Austin Cathal Deasy (26 August 1936 – 10 June 2017) was an Irish Fine Gael politician who served as Minister for Agriculture from 1982 to 1987. He served as a Teachta Dála (TD) for the Waterford constituency from 1977 to 2002. He was a Senator from 1973 to 1977, upon being Nominated by the Taoiseach.
|Minister for Agriculture|
14 December 1982 – 10 March 1987
|Preceded by||Brian Lenihan, Snr|
|Succeeded by||Michael O'Kennedy|
June 1977 – May 2002
1 June 1973 – 16 June 1977
|Constituency||Nominated by the Taoiseach|
|Born||Austin Cathal Deasy
26 August 1936
Dungarvan, Waterford, Ireland
|Died||10 June 2017
|Political party||Fine Gael|
(m. 1961; d. 2017)
|Relations||Maura Derrane (Daughter-in-law)|
|Children||4, including John|
|Alma mater||University College Cork|
Deasy was born in Dungarvan, and qualified as a secondary school teacher from University College Cork in 1963. He later worked as a teacher at St. Augustine's College. In 1967, Deasy was elected to Dungarvan Urban District Council and Waterford County Council and served in a number of capacities on these councils before his appointment to Seanad Éireann in 1973 and his eventual election to Dáil Éireann.
Immediately after his election Deasy was appointed to the Front Bench by Garret FitzGerald as Spokesperson for Fisheries. He remained in that position until 1979, when he became Spokesperson for Transport, Communications and Technology. After failing to be appointed to the government of Garret FitzGerald in 1981, Deasy returned to the Front Bench as Spokesperson on Foreign Affairs in 1982.
Out of government Deasy was included on the Front Benches of Alan Dukes and John Bruton, as a Spokesperson for Tourism and Transport, Spokesperson for Agriculture and Spokesperson for the Marine, until his return to the backbenches in 1993. From then until his retirement from politics almost a decade later he remained an outspoken critic of the Fine Gael Party and of its leadership.
Deasy was born in Dungarvan, County Waterford in August 1936. He was educated at Dungarvan CBS, before studying at University College Cork. He qualified as a secondary school teacher in 1963. Immediately after graduating, Deasy joined the teaching staff of St. Augustine's College in Dungarvan.
Deasy was elected as a Fine Gael member of both Dungarvan Urban District Council and Waterford County Council in 1967, positions he held until 1983. He was chairman of the latter body in 1980-81, before reclaiming his seat on the Urban District Council between 1994 and 1999. Deasy was also a member of the South East Health Board, Waterford Harbour Commissioners and Waterford Vocational Education Committee.
He contested the 1969 general election, as a Fine Gael candidate for Waterford, however, he finished fifth in the three-seat constituency. Deasy finished in fifth position again when he stood as a candidate in the same constituency at the 1973 general election.
Deasy was selected as a candidate for the Cultural and Educational Panel for the subsequent election to Seanad Éireann in 1973, however, he was once again unsuccessful. In spite of this he was appointed to the Seanad as one of Taoiseach Liam Cosgrave's nominees.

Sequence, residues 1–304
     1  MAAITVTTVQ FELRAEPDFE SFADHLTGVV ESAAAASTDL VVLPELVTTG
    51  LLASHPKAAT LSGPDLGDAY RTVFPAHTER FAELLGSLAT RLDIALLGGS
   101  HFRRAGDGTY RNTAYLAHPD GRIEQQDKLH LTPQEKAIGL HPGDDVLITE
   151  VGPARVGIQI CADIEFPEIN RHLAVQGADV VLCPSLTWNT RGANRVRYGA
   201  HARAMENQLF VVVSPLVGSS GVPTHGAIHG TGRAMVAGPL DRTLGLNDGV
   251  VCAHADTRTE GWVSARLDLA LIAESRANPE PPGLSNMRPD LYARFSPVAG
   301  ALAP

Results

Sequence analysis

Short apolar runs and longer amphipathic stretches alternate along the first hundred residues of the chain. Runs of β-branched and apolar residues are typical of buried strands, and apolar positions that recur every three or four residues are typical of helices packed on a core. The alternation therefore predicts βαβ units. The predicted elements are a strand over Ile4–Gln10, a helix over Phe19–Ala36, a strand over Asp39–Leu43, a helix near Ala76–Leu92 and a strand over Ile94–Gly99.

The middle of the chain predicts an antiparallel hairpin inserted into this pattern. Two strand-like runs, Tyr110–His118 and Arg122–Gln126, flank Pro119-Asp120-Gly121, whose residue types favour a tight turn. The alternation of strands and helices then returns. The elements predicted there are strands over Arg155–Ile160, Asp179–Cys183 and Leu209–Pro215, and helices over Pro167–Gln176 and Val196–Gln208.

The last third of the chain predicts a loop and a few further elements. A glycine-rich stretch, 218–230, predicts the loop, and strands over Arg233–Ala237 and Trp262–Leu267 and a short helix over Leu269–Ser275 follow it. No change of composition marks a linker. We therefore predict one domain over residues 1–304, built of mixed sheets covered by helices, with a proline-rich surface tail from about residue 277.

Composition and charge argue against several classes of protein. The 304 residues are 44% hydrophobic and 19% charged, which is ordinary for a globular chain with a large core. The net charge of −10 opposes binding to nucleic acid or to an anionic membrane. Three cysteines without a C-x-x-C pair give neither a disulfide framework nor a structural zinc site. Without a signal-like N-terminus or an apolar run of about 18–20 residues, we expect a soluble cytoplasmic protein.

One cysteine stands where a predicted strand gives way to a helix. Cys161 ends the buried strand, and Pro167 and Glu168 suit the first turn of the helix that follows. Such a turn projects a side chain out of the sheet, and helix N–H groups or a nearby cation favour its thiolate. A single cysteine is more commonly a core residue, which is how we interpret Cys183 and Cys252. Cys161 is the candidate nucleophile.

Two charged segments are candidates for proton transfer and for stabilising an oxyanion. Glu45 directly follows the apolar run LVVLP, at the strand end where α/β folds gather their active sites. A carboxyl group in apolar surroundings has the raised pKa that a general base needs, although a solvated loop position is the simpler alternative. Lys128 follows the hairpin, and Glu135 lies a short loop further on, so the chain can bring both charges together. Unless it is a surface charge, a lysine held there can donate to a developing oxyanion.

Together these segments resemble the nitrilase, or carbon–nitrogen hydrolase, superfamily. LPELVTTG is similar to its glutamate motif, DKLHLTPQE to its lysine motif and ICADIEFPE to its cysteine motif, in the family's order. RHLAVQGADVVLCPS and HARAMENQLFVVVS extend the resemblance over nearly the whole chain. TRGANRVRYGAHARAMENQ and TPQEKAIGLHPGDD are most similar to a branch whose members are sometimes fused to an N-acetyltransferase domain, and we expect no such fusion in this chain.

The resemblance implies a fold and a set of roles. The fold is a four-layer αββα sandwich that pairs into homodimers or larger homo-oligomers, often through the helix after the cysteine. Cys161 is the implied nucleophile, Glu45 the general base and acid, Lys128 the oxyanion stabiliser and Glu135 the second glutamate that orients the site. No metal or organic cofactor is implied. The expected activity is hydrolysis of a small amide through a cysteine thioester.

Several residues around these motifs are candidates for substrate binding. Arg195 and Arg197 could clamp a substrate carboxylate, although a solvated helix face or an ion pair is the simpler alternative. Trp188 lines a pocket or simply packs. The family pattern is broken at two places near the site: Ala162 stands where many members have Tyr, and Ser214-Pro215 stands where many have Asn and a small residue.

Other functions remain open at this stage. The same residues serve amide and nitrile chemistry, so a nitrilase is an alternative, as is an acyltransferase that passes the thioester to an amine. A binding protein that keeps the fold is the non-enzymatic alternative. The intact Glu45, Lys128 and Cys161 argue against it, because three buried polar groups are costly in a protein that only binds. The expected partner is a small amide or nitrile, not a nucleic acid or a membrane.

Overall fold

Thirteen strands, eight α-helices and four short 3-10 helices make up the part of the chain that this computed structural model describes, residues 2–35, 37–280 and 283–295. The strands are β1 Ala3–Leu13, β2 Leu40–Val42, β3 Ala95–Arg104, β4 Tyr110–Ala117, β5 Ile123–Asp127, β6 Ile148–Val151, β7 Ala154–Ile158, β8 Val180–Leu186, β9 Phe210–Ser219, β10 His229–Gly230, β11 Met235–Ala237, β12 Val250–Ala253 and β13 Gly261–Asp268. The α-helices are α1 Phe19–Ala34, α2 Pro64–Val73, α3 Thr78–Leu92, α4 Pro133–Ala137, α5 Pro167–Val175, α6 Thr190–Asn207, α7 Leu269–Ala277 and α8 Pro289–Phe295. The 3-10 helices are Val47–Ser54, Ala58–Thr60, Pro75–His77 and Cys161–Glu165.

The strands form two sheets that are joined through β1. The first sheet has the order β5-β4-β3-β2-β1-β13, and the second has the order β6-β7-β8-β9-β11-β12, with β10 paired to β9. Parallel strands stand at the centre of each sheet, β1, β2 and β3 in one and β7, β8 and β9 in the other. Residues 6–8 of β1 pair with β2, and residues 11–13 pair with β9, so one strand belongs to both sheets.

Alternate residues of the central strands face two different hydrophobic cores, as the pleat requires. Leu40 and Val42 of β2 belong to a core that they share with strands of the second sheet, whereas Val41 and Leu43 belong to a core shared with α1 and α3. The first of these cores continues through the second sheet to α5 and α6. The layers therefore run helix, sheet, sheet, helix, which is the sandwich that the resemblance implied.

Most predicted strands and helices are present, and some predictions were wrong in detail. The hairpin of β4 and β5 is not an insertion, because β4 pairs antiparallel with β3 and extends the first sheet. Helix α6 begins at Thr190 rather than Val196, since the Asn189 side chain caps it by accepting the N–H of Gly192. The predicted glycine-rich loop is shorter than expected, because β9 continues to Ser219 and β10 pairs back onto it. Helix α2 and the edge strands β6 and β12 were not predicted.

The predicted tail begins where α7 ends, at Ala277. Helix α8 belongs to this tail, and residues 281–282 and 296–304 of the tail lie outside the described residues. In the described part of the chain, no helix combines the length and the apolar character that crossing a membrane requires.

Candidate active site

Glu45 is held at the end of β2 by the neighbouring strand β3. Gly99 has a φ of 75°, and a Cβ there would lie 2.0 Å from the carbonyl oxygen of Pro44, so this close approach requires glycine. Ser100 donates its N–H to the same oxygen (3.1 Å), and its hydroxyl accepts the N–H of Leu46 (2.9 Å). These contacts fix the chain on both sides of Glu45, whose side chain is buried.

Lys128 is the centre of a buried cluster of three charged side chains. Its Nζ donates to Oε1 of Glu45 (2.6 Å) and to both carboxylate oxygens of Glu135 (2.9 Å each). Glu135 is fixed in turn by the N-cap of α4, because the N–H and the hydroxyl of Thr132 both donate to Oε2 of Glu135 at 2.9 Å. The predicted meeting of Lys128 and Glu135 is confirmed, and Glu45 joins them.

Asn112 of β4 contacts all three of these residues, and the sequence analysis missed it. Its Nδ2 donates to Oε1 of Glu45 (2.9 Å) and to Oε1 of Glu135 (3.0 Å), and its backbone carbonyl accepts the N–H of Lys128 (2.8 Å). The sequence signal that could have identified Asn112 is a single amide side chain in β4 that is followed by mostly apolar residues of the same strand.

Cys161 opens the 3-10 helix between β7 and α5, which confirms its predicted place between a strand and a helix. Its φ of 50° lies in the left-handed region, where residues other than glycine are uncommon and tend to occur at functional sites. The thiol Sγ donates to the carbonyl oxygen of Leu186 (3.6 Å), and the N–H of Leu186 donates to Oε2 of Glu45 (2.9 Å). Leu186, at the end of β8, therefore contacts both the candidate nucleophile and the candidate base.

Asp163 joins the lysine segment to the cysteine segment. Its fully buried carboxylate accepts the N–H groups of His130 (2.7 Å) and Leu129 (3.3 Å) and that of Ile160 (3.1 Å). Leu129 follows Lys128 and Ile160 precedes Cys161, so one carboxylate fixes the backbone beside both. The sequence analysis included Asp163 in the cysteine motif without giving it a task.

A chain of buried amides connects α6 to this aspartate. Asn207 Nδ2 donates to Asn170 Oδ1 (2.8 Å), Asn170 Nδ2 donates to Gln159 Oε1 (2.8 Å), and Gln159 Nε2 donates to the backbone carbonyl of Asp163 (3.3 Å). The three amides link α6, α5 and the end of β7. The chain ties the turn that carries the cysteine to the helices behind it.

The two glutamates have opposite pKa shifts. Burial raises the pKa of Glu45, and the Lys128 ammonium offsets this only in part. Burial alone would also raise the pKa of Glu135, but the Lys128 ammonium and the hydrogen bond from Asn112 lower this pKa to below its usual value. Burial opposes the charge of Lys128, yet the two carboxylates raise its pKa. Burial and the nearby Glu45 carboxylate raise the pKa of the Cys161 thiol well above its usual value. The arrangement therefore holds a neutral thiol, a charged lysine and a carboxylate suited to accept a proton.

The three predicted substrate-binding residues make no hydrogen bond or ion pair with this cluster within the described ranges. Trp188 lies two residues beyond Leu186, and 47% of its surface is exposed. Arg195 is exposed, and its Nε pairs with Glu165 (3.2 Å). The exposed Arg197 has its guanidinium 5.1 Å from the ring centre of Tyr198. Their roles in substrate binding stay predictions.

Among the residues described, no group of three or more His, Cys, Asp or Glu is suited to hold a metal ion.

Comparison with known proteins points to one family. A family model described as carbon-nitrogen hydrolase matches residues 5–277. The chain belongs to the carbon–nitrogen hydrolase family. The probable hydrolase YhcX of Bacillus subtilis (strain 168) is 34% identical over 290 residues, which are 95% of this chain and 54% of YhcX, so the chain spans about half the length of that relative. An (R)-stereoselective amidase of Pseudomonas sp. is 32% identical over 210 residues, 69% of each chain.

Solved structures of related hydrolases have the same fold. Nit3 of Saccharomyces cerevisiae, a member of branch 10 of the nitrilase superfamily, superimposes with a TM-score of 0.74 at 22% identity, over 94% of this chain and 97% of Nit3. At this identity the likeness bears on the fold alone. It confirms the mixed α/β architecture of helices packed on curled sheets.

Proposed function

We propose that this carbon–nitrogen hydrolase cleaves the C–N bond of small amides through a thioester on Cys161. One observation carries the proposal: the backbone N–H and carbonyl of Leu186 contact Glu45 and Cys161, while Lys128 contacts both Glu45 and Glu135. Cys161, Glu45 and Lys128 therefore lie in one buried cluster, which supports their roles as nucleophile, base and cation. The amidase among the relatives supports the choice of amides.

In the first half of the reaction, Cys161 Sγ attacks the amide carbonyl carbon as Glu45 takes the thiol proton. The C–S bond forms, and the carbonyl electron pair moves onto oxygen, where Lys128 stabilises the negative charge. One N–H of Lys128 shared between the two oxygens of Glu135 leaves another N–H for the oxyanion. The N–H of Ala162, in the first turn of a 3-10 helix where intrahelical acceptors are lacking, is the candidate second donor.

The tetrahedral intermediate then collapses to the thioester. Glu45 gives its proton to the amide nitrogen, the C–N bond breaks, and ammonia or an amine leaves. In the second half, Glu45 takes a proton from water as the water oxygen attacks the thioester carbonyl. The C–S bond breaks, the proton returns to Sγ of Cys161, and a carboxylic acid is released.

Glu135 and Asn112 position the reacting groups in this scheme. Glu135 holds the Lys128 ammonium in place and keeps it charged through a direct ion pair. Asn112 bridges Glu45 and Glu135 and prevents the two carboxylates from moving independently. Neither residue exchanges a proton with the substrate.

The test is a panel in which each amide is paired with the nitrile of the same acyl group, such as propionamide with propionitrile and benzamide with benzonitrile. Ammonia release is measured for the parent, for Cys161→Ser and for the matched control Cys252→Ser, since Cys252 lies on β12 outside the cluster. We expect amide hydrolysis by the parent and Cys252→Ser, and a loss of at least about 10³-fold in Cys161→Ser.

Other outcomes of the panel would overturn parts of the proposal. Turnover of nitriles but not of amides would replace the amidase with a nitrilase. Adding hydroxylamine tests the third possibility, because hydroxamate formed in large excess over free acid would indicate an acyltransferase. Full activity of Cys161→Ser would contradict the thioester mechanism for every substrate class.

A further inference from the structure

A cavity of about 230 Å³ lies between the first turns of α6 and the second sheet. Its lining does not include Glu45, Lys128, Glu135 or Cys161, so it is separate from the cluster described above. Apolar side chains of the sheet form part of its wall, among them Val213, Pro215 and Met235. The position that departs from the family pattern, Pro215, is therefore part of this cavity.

Deasy contested his third general election in 1977. He was successful in being elected that time, taking the third seat in the newly expanded constituency and finishing ahead of his running mate Edward Collins. Fine Gael returned to opposition following that election, however, Deasy was immediately appointed to the Front Bench as Spokesperson for Fisheries. In a 1979 reshuffle, he became Spokesperson for Transport, Communications and Technology, a position he held until early 1981, when he ceded the Communications and Technology elements of his brief.
Following the formation of a Fine Gael-Labour coalition government in 1981, Deasy was one of several Front Bench spokespersons who were unlucky not to be appointed to cabinet or as a Minister of State.
The collapse of the coalition government in 1982, saw Deasy return to Garret FitzGerald's Front Bench as Spokesperson on Foreign Affairs.
The formation of a new Fine Gael-Labour coalition in 1982, saw Deasy being appointed as Minister for Agriculture. During his four-year tenure in the position he was seen as an effective Minister.
In 1988, Deasy resigned from the Fine Gael Party, in protest against Alan Dukes' Tallaght Strategy, in which Fine Gael would support the minority Fianna Fáil government on budgetary related issues. The following year Deasy tried unsuccessfully to remove Dukes as leader. Deasy called the agreement treacherous and said he could support any party who expressed confidence in Fianna Fáil or Charles Haughey. This was widely seen as the actual opinion of a majority of Fine Gael TD's and Senators. When the agreement had broken between Fine Gael and Fianna Fáil, Deasy agreed to return to Fine Gael. Upon his return in 1991, he was appointed to the front bench, after John Bruton became leader. Deasy later resigned again due to the financial difficulties the party was facing. In 2000, Deasy introduced an unsuccessful motion of no confidence in Bruton.
Deasy was succeeded as TD by his son, John Deasy.
Personal life and deathEdit
Deasy was married to the former Kathleen Keating and had four children: John, Jamie, Sally and Jane.
- "Mr. Austin Deasy". Oireachtas Members Database. Retrieved 24 January 2010.
- "Austin Deasy". ElectionsIreland.org. Retrieved 24 January 2010.
- "Former Fine Gael minister Austin Deasy dies after short illness". RTÉ News. 10 June 2017.
- McConnell, Daniel (10 June 2017). "Former minister Austin Deasy dies after a short illness". Irish Examiner. Retrieved 10 June 2017.
- "Leo Varadkar leads tributes to former Fine Gael Minister Austin Deasy who died after short illness". Irish Independent. 10 June 2017. Retrieved 10 June 2017.
|Fine Gael Teachta Dála for Waterford
|Minister for Agriculture